To see other ads and sponsored content that have overseas origins, search the Ad Decoder for “foreign interference.”
‘Urgent election information’
Hallandale Beach is no stranger to dirty political tricks, including commission candidates finding GPS tracking devices on their cars, publishing personal information like the partial Social Security number of an opponent, and whipping up anti-Muslim hysteria.
The latest example is an anonymous attack website against Hallandale Beach Commissioner Michele Lazarow, who is running for reelection. The website, which is being promoted to voters in text messages, contains disinformation and hateful speech and appears to violate Florida election law.
It claims that Lazarow, who has never been charged with a crime in Florida, “breaks the law and incites violence.” It also calls the prophet Mohamed “an oppressor of women and criticizes Lazarow for appearing at a South Florida mosque.
It is not clear who paid for the website. At the bottom of the page, a disclaimer states: “I’m a concerned citizen of Hallandale Beach, and I have free speech guaranteed by the 1st amendment of the U.S. Constitution. ... Don’t vote for Michele please. Thank you!!!”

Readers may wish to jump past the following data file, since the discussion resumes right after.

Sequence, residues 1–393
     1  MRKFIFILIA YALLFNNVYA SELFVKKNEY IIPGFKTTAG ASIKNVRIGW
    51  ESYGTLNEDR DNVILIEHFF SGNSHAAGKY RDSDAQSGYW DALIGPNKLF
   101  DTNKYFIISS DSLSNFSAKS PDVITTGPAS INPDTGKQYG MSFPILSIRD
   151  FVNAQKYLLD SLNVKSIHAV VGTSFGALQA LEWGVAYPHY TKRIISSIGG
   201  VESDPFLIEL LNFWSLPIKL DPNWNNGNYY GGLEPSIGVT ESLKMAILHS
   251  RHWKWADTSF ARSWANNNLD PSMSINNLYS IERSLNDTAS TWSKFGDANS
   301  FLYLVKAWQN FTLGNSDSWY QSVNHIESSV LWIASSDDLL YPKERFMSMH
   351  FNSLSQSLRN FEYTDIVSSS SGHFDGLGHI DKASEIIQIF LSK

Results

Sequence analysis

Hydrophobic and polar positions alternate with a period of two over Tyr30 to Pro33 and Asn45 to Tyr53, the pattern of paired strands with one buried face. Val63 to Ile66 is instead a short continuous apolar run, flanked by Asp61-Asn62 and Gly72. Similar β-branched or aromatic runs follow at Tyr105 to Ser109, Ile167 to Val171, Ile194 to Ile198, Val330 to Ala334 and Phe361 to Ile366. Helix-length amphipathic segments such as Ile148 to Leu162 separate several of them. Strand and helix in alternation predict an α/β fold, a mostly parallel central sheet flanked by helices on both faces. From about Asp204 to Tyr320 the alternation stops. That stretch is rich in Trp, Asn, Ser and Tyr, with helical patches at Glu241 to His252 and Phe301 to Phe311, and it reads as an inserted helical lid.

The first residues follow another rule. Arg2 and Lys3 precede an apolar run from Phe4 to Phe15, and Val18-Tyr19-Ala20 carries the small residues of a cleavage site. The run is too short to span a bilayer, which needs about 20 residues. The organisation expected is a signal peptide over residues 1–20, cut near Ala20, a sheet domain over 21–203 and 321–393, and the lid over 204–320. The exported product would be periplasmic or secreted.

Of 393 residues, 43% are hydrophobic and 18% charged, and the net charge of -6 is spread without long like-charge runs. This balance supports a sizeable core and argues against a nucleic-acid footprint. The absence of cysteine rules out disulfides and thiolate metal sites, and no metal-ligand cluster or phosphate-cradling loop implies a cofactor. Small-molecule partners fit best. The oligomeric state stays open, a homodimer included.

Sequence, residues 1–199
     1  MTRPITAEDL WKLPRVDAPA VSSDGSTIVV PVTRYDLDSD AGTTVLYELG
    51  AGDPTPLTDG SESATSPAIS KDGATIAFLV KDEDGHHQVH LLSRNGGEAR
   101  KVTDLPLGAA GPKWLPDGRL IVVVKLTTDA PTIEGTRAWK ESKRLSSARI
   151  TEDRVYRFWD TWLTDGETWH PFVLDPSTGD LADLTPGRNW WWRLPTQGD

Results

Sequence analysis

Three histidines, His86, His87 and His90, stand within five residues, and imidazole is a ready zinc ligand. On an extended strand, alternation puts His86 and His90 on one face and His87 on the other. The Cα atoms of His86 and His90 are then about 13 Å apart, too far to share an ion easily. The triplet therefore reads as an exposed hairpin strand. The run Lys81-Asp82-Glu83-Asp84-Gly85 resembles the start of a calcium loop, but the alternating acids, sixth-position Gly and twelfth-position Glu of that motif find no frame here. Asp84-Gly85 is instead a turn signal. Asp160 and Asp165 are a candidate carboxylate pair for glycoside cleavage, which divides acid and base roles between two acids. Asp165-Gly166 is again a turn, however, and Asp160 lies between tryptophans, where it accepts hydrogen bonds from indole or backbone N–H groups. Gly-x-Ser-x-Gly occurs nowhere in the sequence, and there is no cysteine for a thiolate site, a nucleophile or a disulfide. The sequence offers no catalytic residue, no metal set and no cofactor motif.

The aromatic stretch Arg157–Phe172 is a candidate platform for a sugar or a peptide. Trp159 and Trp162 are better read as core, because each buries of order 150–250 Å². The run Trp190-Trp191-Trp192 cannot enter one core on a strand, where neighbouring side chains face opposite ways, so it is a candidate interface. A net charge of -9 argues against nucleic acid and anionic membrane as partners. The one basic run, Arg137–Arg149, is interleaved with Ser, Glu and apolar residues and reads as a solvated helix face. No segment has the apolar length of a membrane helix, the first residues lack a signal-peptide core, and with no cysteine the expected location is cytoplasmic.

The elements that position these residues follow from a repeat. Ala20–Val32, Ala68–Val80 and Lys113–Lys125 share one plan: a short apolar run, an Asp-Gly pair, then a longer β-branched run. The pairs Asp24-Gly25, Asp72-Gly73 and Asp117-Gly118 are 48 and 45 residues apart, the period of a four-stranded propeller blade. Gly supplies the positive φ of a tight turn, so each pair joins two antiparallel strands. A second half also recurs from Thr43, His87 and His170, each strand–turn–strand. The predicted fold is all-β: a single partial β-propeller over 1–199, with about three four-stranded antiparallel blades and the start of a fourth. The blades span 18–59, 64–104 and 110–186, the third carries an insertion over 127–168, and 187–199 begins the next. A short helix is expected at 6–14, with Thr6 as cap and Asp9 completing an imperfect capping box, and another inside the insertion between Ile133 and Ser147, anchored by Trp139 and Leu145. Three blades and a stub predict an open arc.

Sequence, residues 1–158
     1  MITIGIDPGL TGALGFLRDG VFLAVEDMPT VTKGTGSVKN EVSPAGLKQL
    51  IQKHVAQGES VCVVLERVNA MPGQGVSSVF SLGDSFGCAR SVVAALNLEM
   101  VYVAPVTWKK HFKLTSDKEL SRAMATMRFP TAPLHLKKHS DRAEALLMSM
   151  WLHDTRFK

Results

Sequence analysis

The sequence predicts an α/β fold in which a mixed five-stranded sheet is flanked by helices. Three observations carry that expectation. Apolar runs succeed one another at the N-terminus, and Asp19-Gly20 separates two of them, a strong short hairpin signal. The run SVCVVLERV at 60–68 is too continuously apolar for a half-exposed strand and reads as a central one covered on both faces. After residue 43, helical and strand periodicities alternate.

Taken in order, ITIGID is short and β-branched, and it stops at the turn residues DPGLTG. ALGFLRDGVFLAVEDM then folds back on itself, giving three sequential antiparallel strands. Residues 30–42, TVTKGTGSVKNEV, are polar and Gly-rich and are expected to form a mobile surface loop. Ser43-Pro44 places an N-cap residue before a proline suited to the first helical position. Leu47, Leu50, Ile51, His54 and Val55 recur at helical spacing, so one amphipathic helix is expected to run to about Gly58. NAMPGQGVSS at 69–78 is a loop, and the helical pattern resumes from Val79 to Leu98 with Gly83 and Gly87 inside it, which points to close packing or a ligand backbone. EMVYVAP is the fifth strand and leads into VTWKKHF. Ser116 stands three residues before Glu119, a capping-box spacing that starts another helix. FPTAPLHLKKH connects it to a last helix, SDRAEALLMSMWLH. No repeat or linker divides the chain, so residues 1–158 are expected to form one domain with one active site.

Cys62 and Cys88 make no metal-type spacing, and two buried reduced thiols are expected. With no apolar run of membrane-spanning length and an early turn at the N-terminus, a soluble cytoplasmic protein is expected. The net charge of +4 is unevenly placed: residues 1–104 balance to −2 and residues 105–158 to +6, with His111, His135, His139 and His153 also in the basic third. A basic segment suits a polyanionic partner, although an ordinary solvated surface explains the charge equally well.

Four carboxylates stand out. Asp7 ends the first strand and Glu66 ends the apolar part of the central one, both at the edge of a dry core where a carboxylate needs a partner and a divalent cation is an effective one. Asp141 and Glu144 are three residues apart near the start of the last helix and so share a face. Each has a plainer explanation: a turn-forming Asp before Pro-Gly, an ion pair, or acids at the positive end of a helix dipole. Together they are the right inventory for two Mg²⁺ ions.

Frances Hill, a law professor and campaign finance expert at the University of Miami, said the website appeared to violate state election laws that require political communications to disclose who paid for them.
“The reference to the First Amendment does not serve as a substitute for the state law requirements,” Hill said.
Dmitriy Yakubovich, who is running against Lazarow, said his campaign had nothing to do with the website.
“The politics have been very dirty in Hallandale over the past few elections,” Yakubovich said. “I’m not in favor of this. There’s no place for it in Hallandale.”
To see other ads and sponsored content that address Hallandale Beach elections, search the Ad Decoder for “Hallandale Beach.”
National Democratic groups are pouring money behind Rep. Debbie Mucarsell-Powell to help her fend off Republican challenger Carlos Gimenez, the mayor of Miami-Dade County, in a competitive swing district.
One ad attacks Gimenez with the misleading claim that his family “managed” the company that built the deadly Florida International University bridge.
The claim is attributed to a March 19, 2018, Miami Herald story.
While Gimenez’s two sons had previously worked for the company, the Herald story pointed out that neither had anything to do with the project and both had left the firm by the time the poorly designed bridge collapsed two years ago, crushing idling cars and killing six people.
Orlando Duran, whose daughter Alexa was killed in the collapse, asked that footage of the collapse be removed from the ad, saying the tragedy should not be politicized. The ad was eventually pulled from TV.
To see other ads and sponsored content that contain disinformation, go to the Ad Decoder, select “disinformation” under warning label and hit search.
Miami Herald staff writers Ana Ceballos, Samantha Gross, Alex Daugherty and Alex Harris contributed to this report.